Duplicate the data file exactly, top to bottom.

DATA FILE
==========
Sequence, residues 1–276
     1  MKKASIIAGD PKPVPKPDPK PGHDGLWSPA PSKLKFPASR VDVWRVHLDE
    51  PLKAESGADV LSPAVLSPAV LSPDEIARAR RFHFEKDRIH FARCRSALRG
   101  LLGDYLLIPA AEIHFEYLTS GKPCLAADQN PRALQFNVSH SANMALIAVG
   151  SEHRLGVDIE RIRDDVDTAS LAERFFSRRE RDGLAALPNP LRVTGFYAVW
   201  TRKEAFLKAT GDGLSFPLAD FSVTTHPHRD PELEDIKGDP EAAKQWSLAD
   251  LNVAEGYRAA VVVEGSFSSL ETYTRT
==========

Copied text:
Sequence, residues 1–276
     1  MKKASIIAGD PKPVPKPDPK PGHDGLWSPA PSKLKFPASR VDVWRVHLDE
    51  PLKAESGADV LSPAVLSPAV LSPDEIARAR RFHFEKDRIH FARCRSALRG
   101  LLGDYLLIPA AEIHFEYLTS GKPCLAADQN PRALQFNVSH SANMALIAVG
   151  SEHRLGVDIE RIRDDVDTAS LAERFFSRRE RDGLAALPNP LRVTGFYAVW
   201  TRKEAFLKAT GDGLSFPLAD FSVTTHPHRD PELEDIKGDP EAAKQWSLAD
   251  LNVAEGYRAA VVVEGSFSSL ETYTRT